Yes, It’s A Federal Crime: FBI Campaign Aims To Remind Public Not To Aim Lasers At Planes

The FBI is offering a reward for tips leading to the arrest of people aiming laser pointers at airplanes. The program was announced by several local and federal agencies at Bush Intercontinental Airport.

An FBI simulation shows the dangers of pointing a laser at aircraft.

The FBI documented 3,960 “laser strikes” on aircraft last year. Here in Houston there were 126, more than in any other U.S. city except Portland, Ore.

Special Agent Carlos Garcia with the Federal Aviation Administration says it’s a growing problem.

“In the first full year of reporting in 2005, pilots reported 283 incidents. Unfortunately, that spike turned into a steady and dramatic upturn across the country.”

What many may not know is that since 2012, aiming a laser pointer at an airplane or helicopter is a felony under federal law, punishable by up to five years in prison and a $250,000 fine. That’s on top of Texas state law, which classifies the same offense as a misdemeanor.

A new campaign aims to raise awareness of the law and the dangers of laser pointers. Billboards with a warning are going up across the country, and here in Houston Crime Stoppers is offering $10,000 for any tips that lead to an arrest.

Special Agent Stephen Morris is in charge of the Houston FBI field office. He says the community’s help is crucial in cases like these.

“It is very difficult to try to call in, for a pilot to call the tower and then the tower to notify FAA. I mean, sometimes minutes, if not hours, have gone by and it’s very hard to pinpoint where it would have come, so it’s extremely difficult. But in the history of the FBI, we live and breathe off tips.”

Since the FAA began tracking laser strikes in 2005, there’ve been only two arrests in Harris County. Both times it involved police helicopters taking off or landing at Hobby Airport.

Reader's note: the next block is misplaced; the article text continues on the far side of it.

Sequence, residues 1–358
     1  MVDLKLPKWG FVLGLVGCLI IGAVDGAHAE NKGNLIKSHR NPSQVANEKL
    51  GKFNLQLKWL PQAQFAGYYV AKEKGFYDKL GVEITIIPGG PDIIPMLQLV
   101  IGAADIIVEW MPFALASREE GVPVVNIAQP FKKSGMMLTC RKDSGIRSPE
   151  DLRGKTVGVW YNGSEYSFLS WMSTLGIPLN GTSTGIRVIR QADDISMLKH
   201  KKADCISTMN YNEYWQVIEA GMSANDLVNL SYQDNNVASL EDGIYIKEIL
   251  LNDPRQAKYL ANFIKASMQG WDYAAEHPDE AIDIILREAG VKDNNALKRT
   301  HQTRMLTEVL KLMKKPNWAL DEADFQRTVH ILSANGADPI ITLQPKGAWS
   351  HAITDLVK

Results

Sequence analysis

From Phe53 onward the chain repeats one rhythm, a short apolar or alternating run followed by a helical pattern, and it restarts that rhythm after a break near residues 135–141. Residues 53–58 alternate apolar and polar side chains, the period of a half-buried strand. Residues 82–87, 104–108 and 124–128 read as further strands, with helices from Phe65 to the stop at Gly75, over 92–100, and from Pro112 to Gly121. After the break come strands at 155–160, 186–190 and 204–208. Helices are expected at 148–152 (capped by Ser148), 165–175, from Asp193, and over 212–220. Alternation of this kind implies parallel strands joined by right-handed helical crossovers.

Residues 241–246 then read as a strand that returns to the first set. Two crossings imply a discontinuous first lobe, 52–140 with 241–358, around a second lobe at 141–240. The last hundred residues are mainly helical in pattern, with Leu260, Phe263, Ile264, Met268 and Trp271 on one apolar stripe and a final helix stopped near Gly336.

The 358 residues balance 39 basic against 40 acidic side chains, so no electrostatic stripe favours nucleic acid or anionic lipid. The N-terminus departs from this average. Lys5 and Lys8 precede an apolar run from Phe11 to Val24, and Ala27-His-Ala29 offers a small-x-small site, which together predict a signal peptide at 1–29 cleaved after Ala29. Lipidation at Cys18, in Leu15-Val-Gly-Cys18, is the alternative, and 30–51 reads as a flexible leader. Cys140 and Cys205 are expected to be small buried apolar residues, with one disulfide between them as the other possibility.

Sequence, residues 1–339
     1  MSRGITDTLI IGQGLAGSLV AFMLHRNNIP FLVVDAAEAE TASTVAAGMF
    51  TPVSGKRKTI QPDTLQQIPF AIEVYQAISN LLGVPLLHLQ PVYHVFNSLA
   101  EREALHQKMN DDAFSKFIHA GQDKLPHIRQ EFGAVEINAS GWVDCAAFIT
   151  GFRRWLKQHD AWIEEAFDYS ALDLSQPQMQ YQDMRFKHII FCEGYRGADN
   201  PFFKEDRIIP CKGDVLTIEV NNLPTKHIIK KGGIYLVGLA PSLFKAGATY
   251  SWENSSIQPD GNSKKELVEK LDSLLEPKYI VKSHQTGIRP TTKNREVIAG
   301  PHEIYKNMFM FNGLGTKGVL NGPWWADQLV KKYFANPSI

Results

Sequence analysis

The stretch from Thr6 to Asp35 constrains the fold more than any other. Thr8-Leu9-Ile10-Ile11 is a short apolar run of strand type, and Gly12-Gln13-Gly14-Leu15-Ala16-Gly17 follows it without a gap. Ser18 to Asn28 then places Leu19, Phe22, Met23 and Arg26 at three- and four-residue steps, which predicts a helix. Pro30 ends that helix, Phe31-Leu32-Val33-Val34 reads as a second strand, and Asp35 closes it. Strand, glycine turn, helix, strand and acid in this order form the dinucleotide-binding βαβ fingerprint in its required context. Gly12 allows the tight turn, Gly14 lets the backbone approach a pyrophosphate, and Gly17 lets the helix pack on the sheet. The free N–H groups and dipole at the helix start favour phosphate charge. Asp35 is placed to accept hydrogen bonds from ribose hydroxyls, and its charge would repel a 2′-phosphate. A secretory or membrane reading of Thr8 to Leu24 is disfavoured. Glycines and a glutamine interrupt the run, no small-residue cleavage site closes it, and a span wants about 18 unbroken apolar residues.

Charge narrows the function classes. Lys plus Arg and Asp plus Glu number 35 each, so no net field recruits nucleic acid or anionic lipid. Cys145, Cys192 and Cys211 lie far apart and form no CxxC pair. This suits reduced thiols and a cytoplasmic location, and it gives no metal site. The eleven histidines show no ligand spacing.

Captain Sean Cassidy with the Air Line Pilots Association says a laser pointed at a pilot’s eyes jeopardizes safety.

“You would be seeing spots for the next minute or so. Well, what if you’re a minute from landing? How are you going to look and monitor all the instruments, look at your air speed, inquire the airport environment and everything else and do it safely.”

Harris County District Attorney Devon Anderson calls on parents to make sure their kids know the consequences of using laser pointers in a way that’s illegal.

“This is a crime to use them improperly, shining them at police officers, shining them in aircraft. So please make sure that they don’t have them, make sure that their friends don’t have them and that they’re not using them in an improper manner. This is the type of thing that kids do. It’s stupid but it can have deadly consequences.”

Authorities say in many cases teenagers are the culprits, but it’s also adults between 35 and 45 who may think they’re playing a harmless prank.


Florian Martin

Florian Martin

Business Reporter

Florian Martin is currently the News 88.7 business reporter. Florian’s stories can frequently be heard on other public radio stations throughout Texas and on NPR nationwide. Some of them have earned him awards from Texas AP Broadcasters, the Houston Press Club, National Association of Real Estate Editors, and Public Radio...

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